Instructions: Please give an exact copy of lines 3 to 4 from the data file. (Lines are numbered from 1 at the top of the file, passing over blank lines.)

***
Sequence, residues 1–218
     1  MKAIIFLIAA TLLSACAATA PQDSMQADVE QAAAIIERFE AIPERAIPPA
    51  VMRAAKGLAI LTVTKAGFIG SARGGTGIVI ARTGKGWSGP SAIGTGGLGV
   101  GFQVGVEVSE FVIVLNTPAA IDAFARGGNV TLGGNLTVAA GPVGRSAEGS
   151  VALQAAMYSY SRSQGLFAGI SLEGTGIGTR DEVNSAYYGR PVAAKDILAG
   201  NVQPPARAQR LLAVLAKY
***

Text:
    51  VMRAAKGLAI LTVTKAGFIG SARGGTGIVI ARTGKGWSGP SAIGTGGLGV
   101  GFQVGVEVSE FVIVLNTPAA IDAFARGGNV TLGGNLTVAA GPVGRSAEGS